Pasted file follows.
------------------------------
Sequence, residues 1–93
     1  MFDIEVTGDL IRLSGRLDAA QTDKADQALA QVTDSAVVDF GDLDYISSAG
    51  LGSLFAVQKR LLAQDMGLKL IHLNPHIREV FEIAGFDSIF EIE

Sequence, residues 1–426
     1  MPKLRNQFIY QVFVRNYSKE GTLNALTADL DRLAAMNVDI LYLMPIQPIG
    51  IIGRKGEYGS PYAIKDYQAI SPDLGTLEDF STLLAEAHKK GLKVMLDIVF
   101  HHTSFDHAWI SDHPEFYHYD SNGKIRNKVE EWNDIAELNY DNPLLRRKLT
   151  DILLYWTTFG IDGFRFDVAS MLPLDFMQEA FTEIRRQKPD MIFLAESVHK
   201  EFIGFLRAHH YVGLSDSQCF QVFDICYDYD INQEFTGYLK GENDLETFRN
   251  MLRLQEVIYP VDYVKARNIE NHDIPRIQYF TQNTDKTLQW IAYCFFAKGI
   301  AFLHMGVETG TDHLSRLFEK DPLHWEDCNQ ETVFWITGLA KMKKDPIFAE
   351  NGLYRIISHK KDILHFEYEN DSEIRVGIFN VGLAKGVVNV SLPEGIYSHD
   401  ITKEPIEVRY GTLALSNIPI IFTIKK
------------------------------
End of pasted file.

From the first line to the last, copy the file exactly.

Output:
Sequence, residues 1–93
     1  MFDIEVTGDL IRLSGRLDAA QTDKADQALA QVTDSAVVDF GDLDYISSAG
    51  LGSLFAVQKR LLAQDMGLKL IHLNPHIREV FEIAGFDSIF EIE

Sequence, residues 1–426
     1  MPKLRNQFIY QVFVRNYSKE GTLNALTADL DRLAAMNVDI LYLMPIQPIG
    51  IIGRKGEYGS PYAIKDYQAI SPDLGTLEDF STLLAEAHKK GLKVMLDIVF
   101  HHTSFDHAWI SDHPEFYHYD SNGKIRNKVE EWNDIAELNY DNPLLRRKLT
   151  DILLYWTTFG IDGFRFDVAS MLPLDFMQEA FTEIRRQKPD MIFLAESVHK
   201  EFIGFLRAHH YVGLSDSQCF QVFDICYDYD INQEFTGYLK GENDLETFRN
   251  MLRLQEVIYP VDYVKARNIE NHDIPRIQYF TQNTDKTLQW IAYCFFAKGI
   301  AFLHMGVETG TDHLSRLFEK DPLHWEDCNQ ETVFWITGLA KMKKDPIFAE
   351  NGLYRIISHK KDILHFEYEN DSEIRVGIFN VGLAKGVVNV SLPEGIYSHD
   401  ITKEPIEVRY GTLALSNIPI IFTIKK